China blew up the world’s largest aircraft carrier, the USS Gerald R. Ford, with hypersonic missiles in a menacing simulation — which Chinese researchers say proves the US Navy warship could be “destroyed with certainty”.
Using a war game simulation system, China’s military forces sank the carrier fleet using a volley of 24 hypersonic anti-ship missiles over the course of 20 intense battles, the New York Post reports.
The results of the simulations were made public in a May paper published by the Chinese-language Journal of Test and Management Technology, according to the South China Morning Post.
In the scenario, the US vessels are attacked after continuing to approach an island claimed by China in the disputed South China Sea despite repeated warnings.
The researchers said that some of the missiles in the three-wave attack were fired from as far away as the Gobi Desert — and that nearly every US surface vessel was shattered by the attack and eventually sank in the simulation.
Researchers claim it proves that the USS Gerald R. Ford Carrier fleet, which has been thought of as being unsinkable by conventional weapons, could be “destroyed with certainty”, by a relatively small number of hypersonic strikes.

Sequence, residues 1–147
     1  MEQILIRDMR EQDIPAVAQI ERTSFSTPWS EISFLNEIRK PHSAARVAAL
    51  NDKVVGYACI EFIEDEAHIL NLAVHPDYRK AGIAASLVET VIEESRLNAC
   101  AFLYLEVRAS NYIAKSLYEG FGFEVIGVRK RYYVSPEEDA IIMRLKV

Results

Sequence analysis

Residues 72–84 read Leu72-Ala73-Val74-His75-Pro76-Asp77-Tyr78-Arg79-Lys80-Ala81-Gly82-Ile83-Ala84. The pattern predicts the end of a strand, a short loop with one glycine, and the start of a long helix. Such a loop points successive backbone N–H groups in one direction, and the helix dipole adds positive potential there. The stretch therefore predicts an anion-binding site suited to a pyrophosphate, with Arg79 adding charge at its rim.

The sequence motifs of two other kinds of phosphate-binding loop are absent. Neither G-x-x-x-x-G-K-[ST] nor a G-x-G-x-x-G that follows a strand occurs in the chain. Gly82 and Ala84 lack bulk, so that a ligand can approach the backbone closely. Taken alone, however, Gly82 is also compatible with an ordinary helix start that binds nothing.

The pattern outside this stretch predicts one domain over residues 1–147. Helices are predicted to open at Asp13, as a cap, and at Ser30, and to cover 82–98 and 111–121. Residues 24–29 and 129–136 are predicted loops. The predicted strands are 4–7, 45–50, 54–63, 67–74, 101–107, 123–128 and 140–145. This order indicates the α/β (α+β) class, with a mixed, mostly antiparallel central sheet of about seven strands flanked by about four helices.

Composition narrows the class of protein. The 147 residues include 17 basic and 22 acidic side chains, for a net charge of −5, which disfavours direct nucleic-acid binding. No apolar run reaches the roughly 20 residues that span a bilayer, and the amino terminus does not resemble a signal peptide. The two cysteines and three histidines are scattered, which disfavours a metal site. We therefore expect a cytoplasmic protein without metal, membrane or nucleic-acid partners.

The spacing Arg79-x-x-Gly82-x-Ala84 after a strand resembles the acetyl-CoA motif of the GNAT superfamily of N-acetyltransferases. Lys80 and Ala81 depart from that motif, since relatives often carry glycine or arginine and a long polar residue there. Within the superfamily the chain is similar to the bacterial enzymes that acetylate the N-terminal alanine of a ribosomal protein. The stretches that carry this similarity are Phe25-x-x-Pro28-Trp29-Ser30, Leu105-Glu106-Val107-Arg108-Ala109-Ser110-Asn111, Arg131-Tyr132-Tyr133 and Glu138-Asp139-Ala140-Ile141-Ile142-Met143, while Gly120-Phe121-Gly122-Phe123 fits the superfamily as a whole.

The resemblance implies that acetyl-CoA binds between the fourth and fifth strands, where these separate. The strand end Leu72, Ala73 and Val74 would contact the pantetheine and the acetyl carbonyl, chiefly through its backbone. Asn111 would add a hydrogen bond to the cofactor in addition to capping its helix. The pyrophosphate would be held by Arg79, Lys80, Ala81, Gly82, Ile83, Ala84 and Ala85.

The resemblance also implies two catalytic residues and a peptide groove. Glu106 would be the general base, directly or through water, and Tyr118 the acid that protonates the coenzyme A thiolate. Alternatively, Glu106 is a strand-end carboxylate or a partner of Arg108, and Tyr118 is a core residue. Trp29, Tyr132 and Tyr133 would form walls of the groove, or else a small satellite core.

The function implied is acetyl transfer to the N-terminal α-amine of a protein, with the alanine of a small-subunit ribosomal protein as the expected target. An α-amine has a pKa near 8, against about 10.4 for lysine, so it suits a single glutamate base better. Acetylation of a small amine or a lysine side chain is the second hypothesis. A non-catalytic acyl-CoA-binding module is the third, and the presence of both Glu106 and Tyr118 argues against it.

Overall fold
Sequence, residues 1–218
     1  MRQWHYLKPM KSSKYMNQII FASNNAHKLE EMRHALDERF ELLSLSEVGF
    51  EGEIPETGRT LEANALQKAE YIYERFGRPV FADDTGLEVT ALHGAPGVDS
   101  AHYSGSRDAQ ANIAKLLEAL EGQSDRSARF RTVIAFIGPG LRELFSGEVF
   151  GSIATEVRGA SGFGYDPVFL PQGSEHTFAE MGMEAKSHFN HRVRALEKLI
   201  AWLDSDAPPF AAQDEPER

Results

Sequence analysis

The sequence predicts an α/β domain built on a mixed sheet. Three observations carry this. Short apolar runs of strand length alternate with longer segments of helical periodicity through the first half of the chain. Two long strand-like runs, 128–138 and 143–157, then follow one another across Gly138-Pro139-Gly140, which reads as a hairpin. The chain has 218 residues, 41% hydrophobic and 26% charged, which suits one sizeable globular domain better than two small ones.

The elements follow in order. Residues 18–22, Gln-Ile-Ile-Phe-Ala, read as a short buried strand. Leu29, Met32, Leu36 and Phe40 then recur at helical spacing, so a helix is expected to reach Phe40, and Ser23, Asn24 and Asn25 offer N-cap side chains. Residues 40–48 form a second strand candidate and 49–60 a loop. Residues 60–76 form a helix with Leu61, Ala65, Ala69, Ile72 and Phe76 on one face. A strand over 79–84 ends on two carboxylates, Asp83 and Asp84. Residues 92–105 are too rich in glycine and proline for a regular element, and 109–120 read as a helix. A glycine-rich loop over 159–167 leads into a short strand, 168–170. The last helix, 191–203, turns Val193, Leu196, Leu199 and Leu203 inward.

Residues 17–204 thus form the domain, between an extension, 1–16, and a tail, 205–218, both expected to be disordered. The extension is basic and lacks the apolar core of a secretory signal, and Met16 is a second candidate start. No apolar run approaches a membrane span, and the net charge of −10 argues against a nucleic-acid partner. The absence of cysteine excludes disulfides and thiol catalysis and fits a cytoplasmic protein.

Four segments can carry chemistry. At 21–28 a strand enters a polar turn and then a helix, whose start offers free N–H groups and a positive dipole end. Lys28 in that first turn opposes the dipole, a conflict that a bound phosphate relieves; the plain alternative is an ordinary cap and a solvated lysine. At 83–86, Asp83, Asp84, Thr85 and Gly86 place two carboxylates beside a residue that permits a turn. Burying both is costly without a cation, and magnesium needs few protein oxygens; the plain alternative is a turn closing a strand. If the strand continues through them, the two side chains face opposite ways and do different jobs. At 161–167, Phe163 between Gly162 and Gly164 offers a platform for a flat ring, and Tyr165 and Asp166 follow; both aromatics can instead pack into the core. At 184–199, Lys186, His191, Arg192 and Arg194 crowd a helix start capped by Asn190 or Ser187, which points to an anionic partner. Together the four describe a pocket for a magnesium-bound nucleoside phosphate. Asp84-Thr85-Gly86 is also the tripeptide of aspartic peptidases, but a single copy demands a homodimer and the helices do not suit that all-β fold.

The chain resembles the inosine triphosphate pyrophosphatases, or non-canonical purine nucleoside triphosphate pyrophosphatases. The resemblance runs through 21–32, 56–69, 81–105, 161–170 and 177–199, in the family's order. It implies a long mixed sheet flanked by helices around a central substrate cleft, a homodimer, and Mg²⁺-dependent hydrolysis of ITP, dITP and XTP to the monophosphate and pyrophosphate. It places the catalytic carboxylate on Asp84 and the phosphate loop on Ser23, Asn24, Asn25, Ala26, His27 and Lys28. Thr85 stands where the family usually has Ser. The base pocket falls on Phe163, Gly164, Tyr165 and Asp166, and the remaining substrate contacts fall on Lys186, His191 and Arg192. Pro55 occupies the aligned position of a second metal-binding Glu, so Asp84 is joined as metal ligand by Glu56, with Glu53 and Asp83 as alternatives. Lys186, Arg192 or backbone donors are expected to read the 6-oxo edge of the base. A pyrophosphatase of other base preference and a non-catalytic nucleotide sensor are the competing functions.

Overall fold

Still, researchers warned leaders and the public to approach these simulations with caution as the real-world performance of the missiles may differ from what was predicted.
The report could not be independently verified and analysts have questioned the motivation for its release.
“Anyone who discusses publicly the outcome of a war game or simulation has a political objective, especially if they frame the result as a win or a loss,” Drew Thompson, a former senior US defence official, told the Telegraph.
“Effective war games are ones that test an assumption, a function, or variable to inform the sponsor of the game about the complex interaction of elements,” he said.
“War games are not about winning or losing. They are about learning.”
The study was released not long after top-secret documents were leaked online revealing China has deployed an intermediate-range hypersonic missile that can hit targets thousands of miles away — and also has a “high probability” of penetrating US defences.
The chilling assessment of the enhanced strike capabilities of Beijing’s People’s Liberation Army is in one of a slew of confidential Pentagon papers uploaded to online message boards since late last year, federal investigators said last month.
The documents have also revealed US intelligence about the strength of Russia’s military, indicated plans for Ukraine’s spring counter-attack, and detailed intelligence gathered about US allies.
This article originally appeared on New York Post and was reproduced with permission